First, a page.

London Mayor Boris Johnson is finding no obstacles in his bid to return to Westminster at the 2015 general election. The conservative politician sailed to victory to become Tory candidate for election at Uxbridge and South Ruislip at next year’s general election at the first count of votes, without the need for a second count.
Johnson said he was “obviously thrilled” to have been selected, and said that he was confident the Conservatives will win a majority at the coming general election.
He said: “It will be a tough fight, it will be a long fight, but I have no doubt whatever that we are going to be able to return David Cameron and the Conservatives with an absolute majority in 2015.”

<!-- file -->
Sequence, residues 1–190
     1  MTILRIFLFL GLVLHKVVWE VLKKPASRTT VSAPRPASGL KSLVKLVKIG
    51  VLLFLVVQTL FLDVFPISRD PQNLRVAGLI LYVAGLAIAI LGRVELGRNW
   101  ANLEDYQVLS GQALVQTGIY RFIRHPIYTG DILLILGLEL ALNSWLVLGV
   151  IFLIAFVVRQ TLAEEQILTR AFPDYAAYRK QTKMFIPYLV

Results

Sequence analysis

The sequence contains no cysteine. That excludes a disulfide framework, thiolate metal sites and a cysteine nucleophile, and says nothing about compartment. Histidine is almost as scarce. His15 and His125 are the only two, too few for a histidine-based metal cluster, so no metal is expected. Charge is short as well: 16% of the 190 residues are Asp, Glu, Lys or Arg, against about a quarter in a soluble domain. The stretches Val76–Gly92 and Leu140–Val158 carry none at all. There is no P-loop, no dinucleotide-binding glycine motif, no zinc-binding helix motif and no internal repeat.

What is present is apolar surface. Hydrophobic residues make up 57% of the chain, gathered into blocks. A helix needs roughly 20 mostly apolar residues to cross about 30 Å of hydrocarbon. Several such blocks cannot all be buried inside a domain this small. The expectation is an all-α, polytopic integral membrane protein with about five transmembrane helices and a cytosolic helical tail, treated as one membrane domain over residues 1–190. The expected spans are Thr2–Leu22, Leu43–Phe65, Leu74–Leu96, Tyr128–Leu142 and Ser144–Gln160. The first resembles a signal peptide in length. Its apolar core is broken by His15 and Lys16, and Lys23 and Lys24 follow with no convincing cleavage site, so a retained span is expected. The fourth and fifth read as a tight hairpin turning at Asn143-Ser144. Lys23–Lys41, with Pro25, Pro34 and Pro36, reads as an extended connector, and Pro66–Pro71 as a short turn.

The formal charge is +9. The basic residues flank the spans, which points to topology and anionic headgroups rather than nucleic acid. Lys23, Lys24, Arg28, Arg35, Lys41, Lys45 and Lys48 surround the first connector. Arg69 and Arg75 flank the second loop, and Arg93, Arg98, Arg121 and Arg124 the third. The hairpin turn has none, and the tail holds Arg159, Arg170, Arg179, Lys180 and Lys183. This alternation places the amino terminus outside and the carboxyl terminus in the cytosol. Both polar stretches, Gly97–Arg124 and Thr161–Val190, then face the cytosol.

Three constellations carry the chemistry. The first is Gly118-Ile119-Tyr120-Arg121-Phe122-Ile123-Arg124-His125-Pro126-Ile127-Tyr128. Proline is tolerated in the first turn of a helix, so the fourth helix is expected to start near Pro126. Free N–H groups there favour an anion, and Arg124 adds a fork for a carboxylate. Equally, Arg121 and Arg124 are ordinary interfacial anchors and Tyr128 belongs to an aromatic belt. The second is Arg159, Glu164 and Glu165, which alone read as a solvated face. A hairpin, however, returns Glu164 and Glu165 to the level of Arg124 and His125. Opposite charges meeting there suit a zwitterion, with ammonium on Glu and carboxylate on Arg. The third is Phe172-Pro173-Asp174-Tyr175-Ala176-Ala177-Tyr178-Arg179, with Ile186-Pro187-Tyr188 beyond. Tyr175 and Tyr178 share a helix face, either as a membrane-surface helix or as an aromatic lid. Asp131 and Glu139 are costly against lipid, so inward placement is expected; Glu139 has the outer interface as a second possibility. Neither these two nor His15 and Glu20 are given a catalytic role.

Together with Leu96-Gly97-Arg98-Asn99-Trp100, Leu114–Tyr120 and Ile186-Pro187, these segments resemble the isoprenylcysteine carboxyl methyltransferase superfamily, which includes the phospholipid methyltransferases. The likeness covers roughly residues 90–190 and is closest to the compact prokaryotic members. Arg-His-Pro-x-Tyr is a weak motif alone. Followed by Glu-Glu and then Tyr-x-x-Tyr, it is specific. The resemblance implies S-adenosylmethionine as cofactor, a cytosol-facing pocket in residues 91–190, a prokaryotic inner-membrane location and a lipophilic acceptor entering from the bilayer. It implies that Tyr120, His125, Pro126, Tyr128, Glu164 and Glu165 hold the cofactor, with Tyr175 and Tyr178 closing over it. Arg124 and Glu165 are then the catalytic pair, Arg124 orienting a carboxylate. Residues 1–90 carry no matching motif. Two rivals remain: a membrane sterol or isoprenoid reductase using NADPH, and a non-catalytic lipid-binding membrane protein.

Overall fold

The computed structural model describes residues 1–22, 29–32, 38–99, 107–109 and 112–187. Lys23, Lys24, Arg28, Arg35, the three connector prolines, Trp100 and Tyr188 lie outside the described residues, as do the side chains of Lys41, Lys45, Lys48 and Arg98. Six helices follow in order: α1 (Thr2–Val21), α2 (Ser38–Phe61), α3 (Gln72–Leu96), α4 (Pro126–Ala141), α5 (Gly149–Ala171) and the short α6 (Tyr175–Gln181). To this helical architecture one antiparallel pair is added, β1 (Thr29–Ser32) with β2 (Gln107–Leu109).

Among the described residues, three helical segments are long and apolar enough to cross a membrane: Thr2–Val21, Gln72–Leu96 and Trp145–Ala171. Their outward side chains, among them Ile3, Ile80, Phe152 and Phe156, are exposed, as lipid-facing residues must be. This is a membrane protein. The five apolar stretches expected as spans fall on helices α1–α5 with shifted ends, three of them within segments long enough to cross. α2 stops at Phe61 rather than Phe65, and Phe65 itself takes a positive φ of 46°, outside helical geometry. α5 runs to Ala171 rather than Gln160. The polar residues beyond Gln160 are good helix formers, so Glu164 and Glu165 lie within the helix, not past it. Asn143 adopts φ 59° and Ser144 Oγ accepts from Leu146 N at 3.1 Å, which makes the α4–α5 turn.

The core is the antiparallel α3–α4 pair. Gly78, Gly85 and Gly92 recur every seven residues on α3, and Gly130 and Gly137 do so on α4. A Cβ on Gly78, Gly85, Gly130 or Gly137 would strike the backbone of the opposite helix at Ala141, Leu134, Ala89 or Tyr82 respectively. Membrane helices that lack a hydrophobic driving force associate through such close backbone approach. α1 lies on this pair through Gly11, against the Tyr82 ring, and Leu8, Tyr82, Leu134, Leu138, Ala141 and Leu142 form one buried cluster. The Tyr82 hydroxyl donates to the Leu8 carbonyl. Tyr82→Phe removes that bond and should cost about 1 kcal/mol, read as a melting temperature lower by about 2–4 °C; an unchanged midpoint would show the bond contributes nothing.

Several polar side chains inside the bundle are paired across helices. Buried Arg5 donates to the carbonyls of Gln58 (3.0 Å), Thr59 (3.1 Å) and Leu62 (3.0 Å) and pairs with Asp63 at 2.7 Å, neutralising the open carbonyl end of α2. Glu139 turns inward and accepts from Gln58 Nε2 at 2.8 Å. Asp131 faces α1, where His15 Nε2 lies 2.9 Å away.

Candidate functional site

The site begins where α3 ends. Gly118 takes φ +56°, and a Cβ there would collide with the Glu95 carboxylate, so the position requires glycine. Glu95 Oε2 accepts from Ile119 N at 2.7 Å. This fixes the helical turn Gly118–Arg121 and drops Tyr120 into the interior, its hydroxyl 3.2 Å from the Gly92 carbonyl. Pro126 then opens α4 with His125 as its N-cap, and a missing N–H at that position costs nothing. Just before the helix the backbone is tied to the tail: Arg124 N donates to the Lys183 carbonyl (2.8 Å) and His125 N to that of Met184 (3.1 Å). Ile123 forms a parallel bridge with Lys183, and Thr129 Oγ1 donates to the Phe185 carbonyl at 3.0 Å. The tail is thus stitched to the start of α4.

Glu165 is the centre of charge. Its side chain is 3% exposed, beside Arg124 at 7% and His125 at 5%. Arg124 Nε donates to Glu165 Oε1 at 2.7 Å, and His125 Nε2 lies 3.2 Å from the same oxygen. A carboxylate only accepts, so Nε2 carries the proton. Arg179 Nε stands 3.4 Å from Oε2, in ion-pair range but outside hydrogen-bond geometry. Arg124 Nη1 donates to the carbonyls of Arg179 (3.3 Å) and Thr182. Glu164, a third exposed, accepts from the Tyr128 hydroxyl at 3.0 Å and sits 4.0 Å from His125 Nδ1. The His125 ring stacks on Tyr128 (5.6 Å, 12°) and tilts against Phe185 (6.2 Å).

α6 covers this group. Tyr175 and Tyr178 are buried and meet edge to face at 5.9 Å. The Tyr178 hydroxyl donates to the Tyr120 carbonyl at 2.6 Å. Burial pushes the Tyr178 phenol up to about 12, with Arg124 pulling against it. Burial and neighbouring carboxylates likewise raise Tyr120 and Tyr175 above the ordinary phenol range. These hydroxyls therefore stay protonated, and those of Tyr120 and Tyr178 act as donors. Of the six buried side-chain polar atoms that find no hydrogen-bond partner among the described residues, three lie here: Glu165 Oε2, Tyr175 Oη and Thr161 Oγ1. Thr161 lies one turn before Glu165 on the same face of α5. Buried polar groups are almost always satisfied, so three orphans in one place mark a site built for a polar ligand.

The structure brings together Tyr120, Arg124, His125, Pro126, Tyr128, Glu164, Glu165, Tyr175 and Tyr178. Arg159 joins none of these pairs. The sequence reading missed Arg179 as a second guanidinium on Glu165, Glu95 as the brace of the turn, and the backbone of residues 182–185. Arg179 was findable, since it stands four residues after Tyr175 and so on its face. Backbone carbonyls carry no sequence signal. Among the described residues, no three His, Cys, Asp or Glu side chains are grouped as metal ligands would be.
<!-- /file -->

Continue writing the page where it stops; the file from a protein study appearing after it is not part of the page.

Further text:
Speaking about concerns over remaining London Mayor for the first year of his likely return to the commons, Johnson said: “It has been done before and I see no reason why it shouldn’t be done again.
“This is act one, scene one of a very long process and what I have got to do now is have a lot of talks with people here in Uxbridge and South Ruislip, get to know people, get to know the association better.”
But Labour’s shadow minister for London and potential mayoral candidate, Sadiq Khan, said that Johnson’s move put personal ambition first and would mean he would become a “lame duck mayor”.
According to the BBC, Khan said: “When Boris Johnson should be fixing London’s desperate housing crisis, he will instead be spending the next two years campaigning to be an MP and Tory leader.”